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25 years on: Dual cup winner Weld a rare vintage

10 min read
When Dermot Weld focused his attentions on winning the G1 Melbourne Cup 25 years ago with Vintage Crop (GB) (Rousillon) his goal may have seemed quixotic to most, but to the legendary Irish trainer it just seemed like the logical next step in his career.

Remember, this is the man who became the first European based trainer to win a leg of the American Triple Crown when Go And Go (Ire) (Be My Guest) stormed home by eight lengths under Mick Kinane in the GI Belmont S. in 1990. He had also embraced the international concept when sending Additional Risk (Ire) (Ahonoora {GB}) to Sha Tin in 1991 to plunder the Hong Kong Invitation Bowl.

“World racing has changed dramatically in the last 25 years and I predicted at the time when we won with Vintage Crop that the success would internationalise the Melbourne Cup,” Weld said.

“I didn’t realise how true my words would become. Back then people tended to be happy to stay within their own continents, be they America, Europe or Australia and compete at home. Before Australia I had done a lot of travelling with horses, obviously the Belmont S. sticks out as an example but I’d also brought two horses to the first International meeting in Hong Kong in 1991.

"I predicted at the time when we won with Vintage Crop that the success would internationalise the Melbourne Cup.” - Dermot Weld

"Additional Risk set a track record when he won the Bowl and Prudent Manner (GB) (Cure The Blues) finished second in the Hong Kong Cup and although I’d brought horses to America many times and won Grade I races on the east coast, mid-west and west coast, it was the Hong Kong experience that sort of planted the seed to try and tackle Australia next.”

Weld already had a horse in mind and when Vintage Crop won the Carling Gold Cup at the now defunct Tralee Racecourse in August of 1992 the Curragh based trainer was hoping it would be Flemington next stop.

But there was one major stumbling block. “I entered him for Flemington after Tralee and he got a very low handicap mark but at that time it wasn’t feasible or practical to bring any horse to run in the Melbourne Cup,” he said before adding, “And I’ve no doubt he would have won it as he won the following year carrying about 12 pounds more.”

Vintage Crop

Changing the quarantine protocols

Explaining the course of events for the next twelve months and the scope of work that was involved Weld said, “The entry in 1992 was what stimulated David Burke, the chairman of the VRC at the time to try and facilitate international participation.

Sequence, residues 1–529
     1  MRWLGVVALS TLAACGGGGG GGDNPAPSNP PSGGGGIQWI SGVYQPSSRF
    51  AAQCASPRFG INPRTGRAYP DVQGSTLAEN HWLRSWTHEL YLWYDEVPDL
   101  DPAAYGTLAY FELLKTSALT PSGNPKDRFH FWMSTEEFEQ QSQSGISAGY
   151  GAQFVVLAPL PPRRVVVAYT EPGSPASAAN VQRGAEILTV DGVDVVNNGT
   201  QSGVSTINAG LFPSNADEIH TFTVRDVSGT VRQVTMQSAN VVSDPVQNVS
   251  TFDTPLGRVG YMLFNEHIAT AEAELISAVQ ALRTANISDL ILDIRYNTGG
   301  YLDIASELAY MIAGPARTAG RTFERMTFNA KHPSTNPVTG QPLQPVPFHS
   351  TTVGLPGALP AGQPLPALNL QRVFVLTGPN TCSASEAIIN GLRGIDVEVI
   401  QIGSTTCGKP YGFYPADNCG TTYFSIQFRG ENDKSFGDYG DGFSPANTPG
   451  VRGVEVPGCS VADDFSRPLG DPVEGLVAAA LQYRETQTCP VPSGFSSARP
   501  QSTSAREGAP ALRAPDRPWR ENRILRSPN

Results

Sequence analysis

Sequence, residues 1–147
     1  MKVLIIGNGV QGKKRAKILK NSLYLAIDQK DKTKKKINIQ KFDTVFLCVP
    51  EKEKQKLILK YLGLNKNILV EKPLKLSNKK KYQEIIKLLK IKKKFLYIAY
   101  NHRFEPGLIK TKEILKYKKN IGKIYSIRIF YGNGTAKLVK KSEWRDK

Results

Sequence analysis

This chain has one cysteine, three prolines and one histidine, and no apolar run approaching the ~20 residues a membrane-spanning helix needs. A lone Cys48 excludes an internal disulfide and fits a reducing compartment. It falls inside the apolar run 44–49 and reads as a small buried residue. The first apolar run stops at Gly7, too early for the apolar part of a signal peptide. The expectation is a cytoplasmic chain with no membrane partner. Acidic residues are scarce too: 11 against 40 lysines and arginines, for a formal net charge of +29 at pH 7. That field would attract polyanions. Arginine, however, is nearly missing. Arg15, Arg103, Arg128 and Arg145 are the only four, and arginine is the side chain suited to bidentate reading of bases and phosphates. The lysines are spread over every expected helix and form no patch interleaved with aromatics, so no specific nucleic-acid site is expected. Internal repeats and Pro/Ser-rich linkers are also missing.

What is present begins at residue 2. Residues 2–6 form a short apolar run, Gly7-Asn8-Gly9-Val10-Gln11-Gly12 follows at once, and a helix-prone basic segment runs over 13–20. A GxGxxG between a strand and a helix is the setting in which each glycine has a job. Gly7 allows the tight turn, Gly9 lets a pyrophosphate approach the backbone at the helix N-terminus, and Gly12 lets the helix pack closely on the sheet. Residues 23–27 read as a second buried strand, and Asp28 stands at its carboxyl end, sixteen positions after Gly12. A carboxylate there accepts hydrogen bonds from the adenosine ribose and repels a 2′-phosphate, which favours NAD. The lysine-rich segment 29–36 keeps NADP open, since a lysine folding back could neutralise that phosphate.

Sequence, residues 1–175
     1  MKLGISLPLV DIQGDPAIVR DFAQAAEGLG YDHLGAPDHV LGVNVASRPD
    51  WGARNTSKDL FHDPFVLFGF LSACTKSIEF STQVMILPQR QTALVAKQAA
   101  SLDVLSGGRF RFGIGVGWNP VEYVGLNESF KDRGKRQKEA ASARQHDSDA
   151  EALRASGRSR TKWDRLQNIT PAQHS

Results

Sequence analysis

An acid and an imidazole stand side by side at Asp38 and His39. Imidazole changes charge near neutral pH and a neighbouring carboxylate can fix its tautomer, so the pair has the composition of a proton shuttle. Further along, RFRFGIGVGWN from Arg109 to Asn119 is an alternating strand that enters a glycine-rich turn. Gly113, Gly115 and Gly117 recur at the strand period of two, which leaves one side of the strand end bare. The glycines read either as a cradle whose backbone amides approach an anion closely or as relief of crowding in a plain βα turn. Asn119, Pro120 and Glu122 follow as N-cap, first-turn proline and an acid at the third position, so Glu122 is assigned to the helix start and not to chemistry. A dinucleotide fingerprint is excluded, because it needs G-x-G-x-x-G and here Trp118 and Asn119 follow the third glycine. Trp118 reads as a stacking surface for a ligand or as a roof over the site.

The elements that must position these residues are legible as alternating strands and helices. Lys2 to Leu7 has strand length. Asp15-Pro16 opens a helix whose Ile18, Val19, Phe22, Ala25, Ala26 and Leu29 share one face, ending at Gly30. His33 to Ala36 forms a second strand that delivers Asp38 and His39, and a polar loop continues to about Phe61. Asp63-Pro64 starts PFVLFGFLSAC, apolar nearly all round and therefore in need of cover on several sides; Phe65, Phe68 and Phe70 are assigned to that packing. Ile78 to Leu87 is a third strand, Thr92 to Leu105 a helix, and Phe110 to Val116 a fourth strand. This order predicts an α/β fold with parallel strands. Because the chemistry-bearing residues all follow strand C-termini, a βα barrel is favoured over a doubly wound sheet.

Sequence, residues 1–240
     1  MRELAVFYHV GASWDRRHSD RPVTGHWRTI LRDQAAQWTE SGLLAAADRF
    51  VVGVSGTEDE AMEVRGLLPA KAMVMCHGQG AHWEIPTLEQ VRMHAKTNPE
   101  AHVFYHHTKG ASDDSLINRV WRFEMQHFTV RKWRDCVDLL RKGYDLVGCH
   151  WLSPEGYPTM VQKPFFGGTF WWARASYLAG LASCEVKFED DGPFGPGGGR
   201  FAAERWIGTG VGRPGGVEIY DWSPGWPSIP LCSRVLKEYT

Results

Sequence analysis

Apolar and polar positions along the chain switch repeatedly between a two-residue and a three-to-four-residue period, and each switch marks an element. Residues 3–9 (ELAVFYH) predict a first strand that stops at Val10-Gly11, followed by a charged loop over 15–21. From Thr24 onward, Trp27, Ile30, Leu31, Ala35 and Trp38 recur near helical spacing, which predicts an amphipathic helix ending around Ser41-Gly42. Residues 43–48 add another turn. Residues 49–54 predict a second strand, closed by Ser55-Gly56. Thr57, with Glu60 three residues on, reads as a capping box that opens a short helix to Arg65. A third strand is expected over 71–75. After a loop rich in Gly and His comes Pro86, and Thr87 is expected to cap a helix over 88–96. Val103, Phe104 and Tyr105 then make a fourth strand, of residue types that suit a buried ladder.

"He saw this Irish horse entered but who couldn’t run because, for starters, the quarantine facilities in Australia weren’t appropriate. So we got to work. We had a lot of things to change. We had to change the flight path of the planes and we had to get permission for the planes to land on the African sub-continent.

"We also had to change the quarantine rules for Australia as there were no training facilities at the existing quarantine base, it was only suitable for mares or stallions so we had to get that changed to a racetrack where horses could exercise.

"This Irish horse entered but who couldn’t run because, for starters, the quarantine facilities in Australia weren’t appropriate. So we got to work." - Dermot Weld

"With the help of Burke and also Les Benton of the VRC we managed to get those changes implemented in time for the 1993 running. A lot of work had to be done with the Department of Agriculture in Canberra in conjunction with the equivalent departments in Brussels in Europe.”

Dermot Weld

Breaking new ground

As the 1993 Melbourne Cup approached word had obviously got around about the ground breaking work Weld had spearheaded. When Vintage Crop booked his ticket for Melbourne with a win in the G1 Irish St Leger at The Curragh in September, he would have a travelling companion from Europe in Lord Huntingdon’s G1 Ascot Gold Cup winner Drum Taps (Dixieland Band {USA}).

"Vintage Crop was a great horse to train, slightly delicate mentally but very tough also.” - Dermot Weld

“These two horses broke new ground and trained out of Sandown racetrack. Everything went fairly smoothly.

"Vintage Crop was a great horse to train, slightly delicate mentally but very tough also. I was a bit concerned about him when he got there first. He lost quite a bit of weight on the journey but he gradually put it back on and when he did his last little piece of work I was very happy with him and I knew we had him right on the day.”

Watch: Vintage Crop winning the 1993 Melbourne Cup

The race itself went perfectly to plan. A low draw and a smart break enabled Mick Kinane to assume a prominent early position on the rails around sixth or seventh.

Vintage Crop still had a bit to do as they rounded the home turn with 600m to race but once Kinane got serious with the gelding he began to motor. While he only got to the lead inside the last furlong he had put three lengths daylight between himself and Te Akau Nick (Grosvenor) at the post.

Jockey, Michael Kinane

Chances written off